WRRC Weekly Wave: Lees Ferry Streamgage Turns 100
October 08, 2021
Weekly Wave, vol. 9, no. 29, Water Resources Research Center, Tucson, AZ, October 08, 2021
On October 1, 2021, the Colorado River streamflow gauging station at Lees Ferry celebrated its 100th anniversary. As the source of key data used in implementing the foundational agreements and laws governing Colorado River allocations, the gage merits special attention. Located at the mouth of the Grand Canyon, close to the point that the Colorado River Compact defines as the divide between the Upper and Lower Basins, it is used to measure the river flow from the Upper to the Lower Basin. According to the 1922 Compact, this flow must be at least 75 million acre-feet in any consecutive 10-year period. Installed by USGS to study the hydrology of the watershed a year before the Compact was negotiated, it has remained “one of the most … accurate large-river gages in the U.S.” Jim Leenhouts, Director of the USGS Arizona Water Science Center, credits its “consistent, long-term scientific information” with helping decisionmakers cope with changing conditions through time. In honor of the gage’s anniversary, the USGS has compiled links, photos, reports, and studies (listed here) relating to the Lees Ferry gage and its vital role in the history of Colorado River management.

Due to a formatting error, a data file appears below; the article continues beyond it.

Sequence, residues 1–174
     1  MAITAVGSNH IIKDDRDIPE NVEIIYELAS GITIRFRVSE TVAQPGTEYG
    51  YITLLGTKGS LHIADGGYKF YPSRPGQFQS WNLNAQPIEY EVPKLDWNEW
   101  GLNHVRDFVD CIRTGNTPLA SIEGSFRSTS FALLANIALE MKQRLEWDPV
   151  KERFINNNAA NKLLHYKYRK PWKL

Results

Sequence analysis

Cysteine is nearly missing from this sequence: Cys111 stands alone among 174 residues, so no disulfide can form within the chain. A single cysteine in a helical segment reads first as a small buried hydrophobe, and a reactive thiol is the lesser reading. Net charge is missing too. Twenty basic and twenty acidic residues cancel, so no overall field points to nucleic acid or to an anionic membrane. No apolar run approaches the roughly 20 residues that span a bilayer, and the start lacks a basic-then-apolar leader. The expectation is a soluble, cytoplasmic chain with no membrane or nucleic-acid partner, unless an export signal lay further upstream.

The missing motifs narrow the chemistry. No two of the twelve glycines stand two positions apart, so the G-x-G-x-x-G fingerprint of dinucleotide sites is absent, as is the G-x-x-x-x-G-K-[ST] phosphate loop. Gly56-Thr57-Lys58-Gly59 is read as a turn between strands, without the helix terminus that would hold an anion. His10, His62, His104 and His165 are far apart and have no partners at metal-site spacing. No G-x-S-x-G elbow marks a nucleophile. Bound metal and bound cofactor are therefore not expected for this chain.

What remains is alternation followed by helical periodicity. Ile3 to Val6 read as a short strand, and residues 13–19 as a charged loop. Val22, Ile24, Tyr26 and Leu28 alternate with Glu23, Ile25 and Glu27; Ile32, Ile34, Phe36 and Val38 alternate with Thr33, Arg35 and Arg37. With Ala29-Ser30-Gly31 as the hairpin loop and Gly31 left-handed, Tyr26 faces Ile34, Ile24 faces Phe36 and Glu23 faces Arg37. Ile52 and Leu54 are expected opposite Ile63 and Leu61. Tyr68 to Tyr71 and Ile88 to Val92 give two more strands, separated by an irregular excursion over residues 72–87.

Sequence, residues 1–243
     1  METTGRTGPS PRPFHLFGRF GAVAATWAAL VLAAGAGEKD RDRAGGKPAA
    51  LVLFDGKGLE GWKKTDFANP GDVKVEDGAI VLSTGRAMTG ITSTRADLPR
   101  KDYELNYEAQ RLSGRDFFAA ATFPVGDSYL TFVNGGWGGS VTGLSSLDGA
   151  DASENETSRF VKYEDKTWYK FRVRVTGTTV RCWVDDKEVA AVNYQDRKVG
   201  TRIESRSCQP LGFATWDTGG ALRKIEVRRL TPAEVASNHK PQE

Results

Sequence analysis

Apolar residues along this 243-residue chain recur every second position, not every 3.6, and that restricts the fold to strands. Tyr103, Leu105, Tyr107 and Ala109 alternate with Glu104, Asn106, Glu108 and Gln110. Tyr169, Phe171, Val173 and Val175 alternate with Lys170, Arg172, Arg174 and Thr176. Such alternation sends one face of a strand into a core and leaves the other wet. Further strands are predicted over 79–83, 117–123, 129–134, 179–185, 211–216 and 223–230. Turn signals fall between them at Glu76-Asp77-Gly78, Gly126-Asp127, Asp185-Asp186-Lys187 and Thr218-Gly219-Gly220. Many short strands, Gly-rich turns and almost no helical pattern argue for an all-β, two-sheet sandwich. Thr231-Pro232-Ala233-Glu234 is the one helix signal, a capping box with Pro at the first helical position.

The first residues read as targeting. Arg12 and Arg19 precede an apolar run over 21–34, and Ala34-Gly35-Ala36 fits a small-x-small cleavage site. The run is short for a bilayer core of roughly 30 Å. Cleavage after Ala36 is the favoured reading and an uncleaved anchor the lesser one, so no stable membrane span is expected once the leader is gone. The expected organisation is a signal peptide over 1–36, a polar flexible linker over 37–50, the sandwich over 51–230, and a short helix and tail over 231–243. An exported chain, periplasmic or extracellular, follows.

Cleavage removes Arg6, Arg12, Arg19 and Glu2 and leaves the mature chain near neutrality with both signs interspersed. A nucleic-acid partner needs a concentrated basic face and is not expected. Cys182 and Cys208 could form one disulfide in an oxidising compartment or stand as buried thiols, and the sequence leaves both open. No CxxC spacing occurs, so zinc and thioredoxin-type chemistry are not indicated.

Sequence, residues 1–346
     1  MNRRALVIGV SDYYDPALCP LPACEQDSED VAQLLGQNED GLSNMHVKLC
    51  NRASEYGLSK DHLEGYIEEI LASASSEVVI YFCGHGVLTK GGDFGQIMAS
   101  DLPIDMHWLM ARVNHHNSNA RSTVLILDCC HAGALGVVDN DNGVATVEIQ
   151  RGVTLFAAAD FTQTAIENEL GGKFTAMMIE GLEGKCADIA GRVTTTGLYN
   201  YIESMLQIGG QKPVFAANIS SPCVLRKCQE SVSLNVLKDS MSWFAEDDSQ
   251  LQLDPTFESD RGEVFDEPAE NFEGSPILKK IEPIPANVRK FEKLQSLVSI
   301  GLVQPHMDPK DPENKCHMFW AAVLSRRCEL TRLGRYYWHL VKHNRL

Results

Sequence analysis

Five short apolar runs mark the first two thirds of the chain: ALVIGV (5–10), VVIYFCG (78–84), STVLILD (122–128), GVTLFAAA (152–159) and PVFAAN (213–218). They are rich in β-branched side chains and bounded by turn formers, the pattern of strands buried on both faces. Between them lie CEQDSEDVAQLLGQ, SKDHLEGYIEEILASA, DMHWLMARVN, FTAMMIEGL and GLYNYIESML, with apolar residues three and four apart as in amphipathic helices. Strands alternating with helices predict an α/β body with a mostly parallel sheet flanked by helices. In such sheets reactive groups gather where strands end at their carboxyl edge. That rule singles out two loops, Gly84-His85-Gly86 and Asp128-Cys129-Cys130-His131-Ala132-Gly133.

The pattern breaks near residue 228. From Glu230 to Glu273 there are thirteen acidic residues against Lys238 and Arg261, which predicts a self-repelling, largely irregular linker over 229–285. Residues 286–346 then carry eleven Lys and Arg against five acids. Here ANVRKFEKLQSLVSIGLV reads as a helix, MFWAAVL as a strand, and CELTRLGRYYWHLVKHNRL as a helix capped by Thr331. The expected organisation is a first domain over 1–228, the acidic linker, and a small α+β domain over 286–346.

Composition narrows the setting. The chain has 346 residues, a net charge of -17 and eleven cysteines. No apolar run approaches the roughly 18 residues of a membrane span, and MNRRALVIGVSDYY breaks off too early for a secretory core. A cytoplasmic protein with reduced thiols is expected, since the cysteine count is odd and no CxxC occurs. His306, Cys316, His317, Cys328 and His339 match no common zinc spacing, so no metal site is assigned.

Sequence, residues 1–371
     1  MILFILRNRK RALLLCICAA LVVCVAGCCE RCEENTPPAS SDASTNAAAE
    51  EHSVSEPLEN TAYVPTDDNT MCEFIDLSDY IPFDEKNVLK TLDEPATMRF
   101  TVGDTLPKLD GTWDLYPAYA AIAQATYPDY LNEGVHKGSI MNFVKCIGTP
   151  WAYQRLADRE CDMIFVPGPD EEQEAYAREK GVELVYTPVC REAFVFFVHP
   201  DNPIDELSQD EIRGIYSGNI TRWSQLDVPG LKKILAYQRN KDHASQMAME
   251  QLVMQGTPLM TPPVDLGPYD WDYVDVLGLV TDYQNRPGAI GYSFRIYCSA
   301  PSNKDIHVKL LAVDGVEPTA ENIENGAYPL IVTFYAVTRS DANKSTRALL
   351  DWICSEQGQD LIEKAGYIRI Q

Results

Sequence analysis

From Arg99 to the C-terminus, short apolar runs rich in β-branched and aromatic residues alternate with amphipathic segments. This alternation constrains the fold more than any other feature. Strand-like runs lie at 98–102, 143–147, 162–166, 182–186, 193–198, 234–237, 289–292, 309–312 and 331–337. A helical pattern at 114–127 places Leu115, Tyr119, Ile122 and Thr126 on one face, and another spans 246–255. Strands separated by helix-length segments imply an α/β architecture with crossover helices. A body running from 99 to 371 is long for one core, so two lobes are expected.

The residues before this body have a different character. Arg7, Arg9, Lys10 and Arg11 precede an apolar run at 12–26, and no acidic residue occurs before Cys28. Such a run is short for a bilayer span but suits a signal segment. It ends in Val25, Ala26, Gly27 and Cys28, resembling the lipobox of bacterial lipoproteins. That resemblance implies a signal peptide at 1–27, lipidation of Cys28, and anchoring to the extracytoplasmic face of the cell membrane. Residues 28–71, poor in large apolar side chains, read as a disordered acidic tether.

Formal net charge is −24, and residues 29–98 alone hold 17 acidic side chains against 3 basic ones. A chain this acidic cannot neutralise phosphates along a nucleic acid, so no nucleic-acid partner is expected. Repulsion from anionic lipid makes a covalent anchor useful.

Image: G.C. Stevens, USGS. Public domain.